I was generally impressed with Sharp's 732 series (see my full length reviews of it and the 632 here on the forum), and the 735 builds on those strengths while adding 3D, 240 Hz processing, and additional calibration adjustments. Are these additional features genuine advancements, and if so, are they worth a premium over Sharp's other already good models?
Personally I find little to no value in Sharp's 240 Hz processing over their 120 Hz processing. It significantly reduced light output, and any advantages it may bring to motion are debatable.
I found the 3D performance to be fine, though it did not overtly impress me either way. Technical measurements in 3D were excellent.
The addition of a 10 point white balance and gamma adjustment, however, can transform this set from a good one to a stand out performer. It absolutely must be done with a measurement meter and calibration software, and preferably by a patient and knowledgeable calibrator. Sharp's lower models do not have this adjustment, and I believe the visual improvement provided by their proper calibration was well worth the price premium over the 734 and 732.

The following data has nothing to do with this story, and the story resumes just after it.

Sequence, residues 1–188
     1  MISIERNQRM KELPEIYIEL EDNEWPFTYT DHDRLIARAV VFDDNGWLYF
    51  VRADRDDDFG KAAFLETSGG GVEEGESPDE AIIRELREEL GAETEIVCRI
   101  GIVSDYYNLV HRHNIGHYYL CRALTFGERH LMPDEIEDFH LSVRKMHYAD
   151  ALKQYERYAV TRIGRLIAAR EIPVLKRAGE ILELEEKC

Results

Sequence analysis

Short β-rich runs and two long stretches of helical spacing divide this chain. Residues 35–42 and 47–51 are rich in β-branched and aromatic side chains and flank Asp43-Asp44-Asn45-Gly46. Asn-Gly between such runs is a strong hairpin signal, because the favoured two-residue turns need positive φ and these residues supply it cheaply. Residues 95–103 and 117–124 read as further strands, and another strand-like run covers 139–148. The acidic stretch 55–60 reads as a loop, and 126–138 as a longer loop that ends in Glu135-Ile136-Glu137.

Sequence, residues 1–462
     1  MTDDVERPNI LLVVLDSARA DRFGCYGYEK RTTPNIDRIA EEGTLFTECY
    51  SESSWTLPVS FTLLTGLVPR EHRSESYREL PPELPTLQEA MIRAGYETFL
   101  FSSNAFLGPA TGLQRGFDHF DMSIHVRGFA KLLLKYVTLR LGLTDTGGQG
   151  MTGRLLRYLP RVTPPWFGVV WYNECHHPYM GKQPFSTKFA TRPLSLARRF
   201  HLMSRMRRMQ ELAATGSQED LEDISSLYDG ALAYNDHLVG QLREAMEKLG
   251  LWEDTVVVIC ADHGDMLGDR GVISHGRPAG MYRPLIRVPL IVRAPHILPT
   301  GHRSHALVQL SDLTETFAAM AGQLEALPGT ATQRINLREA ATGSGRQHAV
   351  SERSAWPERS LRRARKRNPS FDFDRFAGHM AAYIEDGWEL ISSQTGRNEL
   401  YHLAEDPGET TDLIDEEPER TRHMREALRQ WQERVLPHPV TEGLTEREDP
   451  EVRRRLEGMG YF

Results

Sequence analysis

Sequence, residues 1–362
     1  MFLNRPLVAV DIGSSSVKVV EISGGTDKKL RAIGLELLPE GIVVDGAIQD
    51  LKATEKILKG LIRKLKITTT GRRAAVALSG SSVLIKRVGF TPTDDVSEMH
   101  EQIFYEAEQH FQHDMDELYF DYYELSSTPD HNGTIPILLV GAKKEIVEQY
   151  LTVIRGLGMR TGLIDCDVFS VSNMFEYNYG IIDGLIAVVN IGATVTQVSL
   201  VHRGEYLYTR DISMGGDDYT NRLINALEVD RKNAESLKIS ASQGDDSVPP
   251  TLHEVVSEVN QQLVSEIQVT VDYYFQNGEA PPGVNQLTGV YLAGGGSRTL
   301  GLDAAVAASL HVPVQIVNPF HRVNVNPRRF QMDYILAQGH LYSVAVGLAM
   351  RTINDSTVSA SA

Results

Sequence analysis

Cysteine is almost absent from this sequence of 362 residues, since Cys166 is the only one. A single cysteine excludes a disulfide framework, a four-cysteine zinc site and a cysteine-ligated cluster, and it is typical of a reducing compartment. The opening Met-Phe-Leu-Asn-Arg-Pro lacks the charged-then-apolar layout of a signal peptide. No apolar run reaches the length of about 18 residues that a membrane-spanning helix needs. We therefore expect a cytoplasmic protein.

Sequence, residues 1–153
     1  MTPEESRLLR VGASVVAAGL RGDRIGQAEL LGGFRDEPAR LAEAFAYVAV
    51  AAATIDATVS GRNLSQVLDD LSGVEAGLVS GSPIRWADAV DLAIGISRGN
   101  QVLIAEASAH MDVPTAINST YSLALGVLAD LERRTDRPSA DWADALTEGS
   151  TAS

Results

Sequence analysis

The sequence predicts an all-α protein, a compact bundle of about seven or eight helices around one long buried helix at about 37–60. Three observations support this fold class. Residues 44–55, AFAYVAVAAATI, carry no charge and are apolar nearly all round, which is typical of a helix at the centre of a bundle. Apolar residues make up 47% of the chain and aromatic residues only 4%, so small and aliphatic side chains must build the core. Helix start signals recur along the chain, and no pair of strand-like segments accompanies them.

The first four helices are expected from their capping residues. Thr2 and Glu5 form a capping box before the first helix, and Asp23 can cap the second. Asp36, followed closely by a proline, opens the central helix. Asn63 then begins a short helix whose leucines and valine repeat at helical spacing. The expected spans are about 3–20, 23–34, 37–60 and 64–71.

Modified ANSI contrast ratio measured an excellent 2729:1.
Care must be taken with some of the advanced calibration adjustments, particularly the red tint and value adjustments, which must be double checked by eye in addition to an accurate meter. The 10 point adjustment has tracking problems and improper interaction at the bright end, though with persistence it can be whipped into shape with no resulting banding in grayscale ramps. Thanks to the 735's 10 step adjustment, I was able to get reference quality calibration results in Movie mode.
How was the image after calibration? Absolutely superb, though it was hampered by the same dirty screen effect I noticed on the 732. That shows up as blotchy, dirty looking spots on the screen in light backgrounds during motion. Hockey shows it up quickly. Black uniformity can vary from sample to sample, and one of the test units (I calibrated two within a few days of each other) did have a noticeable cloud in the lower right portion of the screen. However, I was extremely satisfied with the 735's superb depth of image, shadow detail, and overall color. The picture had very good pop, though black levels fall short of that of a top plasma. Viewing angle is critical, and the screen is less glossy than most LED sets. At times I noticed a very slightly grainy look, but I did not consider it to be serious enough to be a distraction. As much as I like Sharp's lower models, I feel the 735 is a significant step forward in image quality.
Sharp 70LE735U movie.pdf 264.5185546875k . file